The Army’s e-mail came from its Developmental Test Command, Aberdeen, Md., after the Deseret News requested comments on an article carried by the Baltimore Sun on Wednesday. Dugway is one of the facilities involved with research at the command, which tests weapons and equipment.

    In 1969, then-President Richard Nixon ended America’s offensive biological testing program. Before then, open-air germ tests of various biological organisms were carried out at Dugway.

    Defensive programs — developing and producing such items as protective gear, detectors and decontamination agents — continue at Dugway. In order to test defenses, the base uses both live and inactivated anthrax.

    Because live anthrax is extremely dangerous to handle, even in the Dugway Life Sciences Test Facility’s biological testing laboratory, some anthrax grown at Dugway is sent to Fort Detrick to be inactivated because Dugway doesn’t have the radiation equipment. Then the inert version can be tested more safely.

    The Sun quoted unnamed sources as saying Dugway’s “weapons-grade” anthrax is virtually identical to the spores that have been used in the mail attacks. The Dugway anthrax “has been milled” to an extraordinary concentration, making it extremely deadly, the Sun reported.

    Anthrax spores in the terror letter to the Senate Majority Leader Tom Daschle, D-S.D., was ground to the concentration of 1 trillion spores per gram, the newspaper said. With two grams, it had 200 million times the average dose needed to kill a person.

    Dugway’s anthrax “has been milled to achieve a similar concentration, according to one person familiar with the program,” says the article. It added that Dugway’s Life Sciences Division rarely accumulates more than 10 grams at a time.

    Dugway’s present testing program was stimulated by dangers facing soldiers during the 1991 Gulf War.

    “By far, most of the testing (at Dugway) has been conducted using biological simulants,” says the e-mail from the Developmental Test Command.

    “The final test for a detection system is its ability to collect and identify aerosolized biological agents. The production of biological pathogens, to include bacillus anthracis [anthrax], is conducted to support this and decontamination testing, which . . . must be performed with live agents to evaluate the efficacy of decontamination solutions.”

    Dugway’s Web Site says its Life Sciences Division has an aerosol testing facility, requiring “biosafety level 3 containment.” Special containment cabinets allow testing of “potential biological threat agents.” The lab features sealed airtight chambers, it notes.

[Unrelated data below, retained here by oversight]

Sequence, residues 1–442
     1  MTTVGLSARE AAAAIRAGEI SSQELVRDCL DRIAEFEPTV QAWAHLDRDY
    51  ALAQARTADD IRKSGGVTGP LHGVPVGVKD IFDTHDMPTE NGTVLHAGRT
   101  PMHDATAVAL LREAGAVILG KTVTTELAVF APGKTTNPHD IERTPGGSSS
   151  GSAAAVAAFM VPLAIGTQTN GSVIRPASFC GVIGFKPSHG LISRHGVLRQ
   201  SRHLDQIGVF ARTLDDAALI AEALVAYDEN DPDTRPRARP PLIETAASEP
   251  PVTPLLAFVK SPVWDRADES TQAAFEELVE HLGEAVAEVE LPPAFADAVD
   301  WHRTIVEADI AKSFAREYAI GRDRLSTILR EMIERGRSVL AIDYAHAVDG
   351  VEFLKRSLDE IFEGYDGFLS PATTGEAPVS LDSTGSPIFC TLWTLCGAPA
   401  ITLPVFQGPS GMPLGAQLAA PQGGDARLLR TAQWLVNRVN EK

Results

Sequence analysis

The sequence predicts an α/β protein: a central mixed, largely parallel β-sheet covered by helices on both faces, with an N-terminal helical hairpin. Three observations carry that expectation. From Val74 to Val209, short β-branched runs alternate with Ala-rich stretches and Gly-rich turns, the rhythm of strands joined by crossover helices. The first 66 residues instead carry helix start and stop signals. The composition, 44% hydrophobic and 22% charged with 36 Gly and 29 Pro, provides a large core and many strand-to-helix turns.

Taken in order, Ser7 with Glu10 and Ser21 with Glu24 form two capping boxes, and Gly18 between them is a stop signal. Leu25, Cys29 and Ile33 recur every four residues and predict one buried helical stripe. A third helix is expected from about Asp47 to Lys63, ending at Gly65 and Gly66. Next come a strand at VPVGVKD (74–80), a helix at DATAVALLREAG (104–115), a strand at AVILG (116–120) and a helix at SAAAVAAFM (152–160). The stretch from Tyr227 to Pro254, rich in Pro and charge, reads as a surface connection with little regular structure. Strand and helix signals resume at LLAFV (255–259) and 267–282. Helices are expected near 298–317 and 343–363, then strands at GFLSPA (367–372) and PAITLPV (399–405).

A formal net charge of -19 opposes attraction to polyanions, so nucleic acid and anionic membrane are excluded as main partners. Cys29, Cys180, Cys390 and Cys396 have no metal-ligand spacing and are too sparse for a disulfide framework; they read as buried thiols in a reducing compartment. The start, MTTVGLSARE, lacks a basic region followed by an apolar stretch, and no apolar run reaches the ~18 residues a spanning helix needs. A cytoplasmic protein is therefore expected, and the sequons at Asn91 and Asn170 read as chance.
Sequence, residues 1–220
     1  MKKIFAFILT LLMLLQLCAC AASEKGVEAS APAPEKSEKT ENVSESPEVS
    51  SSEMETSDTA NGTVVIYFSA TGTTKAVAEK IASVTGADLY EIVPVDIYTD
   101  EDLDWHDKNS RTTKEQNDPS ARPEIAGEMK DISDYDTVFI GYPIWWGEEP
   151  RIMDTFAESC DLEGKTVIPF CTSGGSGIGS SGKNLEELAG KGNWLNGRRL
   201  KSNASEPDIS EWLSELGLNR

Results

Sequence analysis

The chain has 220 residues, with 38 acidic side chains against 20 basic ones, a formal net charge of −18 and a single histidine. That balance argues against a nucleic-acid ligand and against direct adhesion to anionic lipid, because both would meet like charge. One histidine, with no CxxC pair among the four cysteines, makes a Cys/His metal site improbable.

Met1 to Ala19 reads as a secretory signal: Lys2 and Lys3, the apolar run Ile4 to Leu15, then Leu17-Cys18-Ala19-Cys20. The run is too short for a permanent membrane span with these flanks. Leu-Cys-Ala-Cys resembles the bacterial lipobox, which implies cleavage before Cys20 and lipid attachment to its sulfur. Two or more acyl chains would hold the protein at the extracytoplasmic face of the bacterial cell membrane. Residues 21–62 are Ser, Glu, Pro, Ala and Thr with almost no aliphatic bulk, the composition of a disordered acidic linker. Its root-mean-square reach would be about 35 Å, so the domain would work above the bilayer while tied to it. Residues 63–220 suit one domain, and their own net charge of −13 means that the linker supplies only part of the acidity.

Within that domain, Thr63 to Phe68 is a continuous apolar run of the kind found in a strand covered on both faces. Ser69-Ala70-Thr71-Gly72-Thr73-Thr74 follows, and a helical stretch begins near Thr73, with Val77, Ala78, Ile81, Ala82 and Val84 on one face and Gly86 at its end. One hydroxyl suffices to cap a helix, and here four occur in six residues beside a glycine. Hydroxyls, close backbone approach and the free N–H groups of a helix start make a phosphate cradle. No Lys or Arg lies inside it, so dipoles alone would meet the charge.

Apparently, in order for anthrax to be aerosolized in a weapon, the bacteria spores must be ground to a fine powder, making the anthrax highly concentrated.

    The Army e-mail described shipping anthrax to Maryland:

    “In the past, very small amounts of anthrax have been shipped in paste form in hermetically sealed containers from Dugway Proving Ground to USAMRIID [the U.S. Army Medical Research Institute of Infectious Diseases at Fort Detrick] for irradiation, and then returned.

    “Inactivated anthrax spores can be used for most of the tests” at Dugway, the note added.

    Shipments were carried out in accordance with stringent federal regulations on transfer of hazardous materials, the Army added.

    “Each was carefully tracked, and there was no loss of accountability nor any amount of anthrax paste. Anthrax in paste form cannot be the source of contamination for the anthrax letters mailed after Sept. 11, and Dugway never shipped any dry anthrax by commercial carrier.”

    The FBI is investigating many research and medical facilities, university programs and other sites across the country, “including the work at Dugway Proving Ground,” the note says.

    “The Army is cooperating with the FBI’s efforts, and as such, will not comment further on any aspect of its bio testing program until the time that the FBI investigation is complete.”

    The Baltimore Sun reported that a team of researchers led by Paul Keim of Northern Arizona University, Flagstaff, had found that the Dugway anthrax and spores in the terror letters were identical at 50 genetic markers. However, that may not be significant because the Ames anthrax strain is used in many laboratories in the United States and overseas.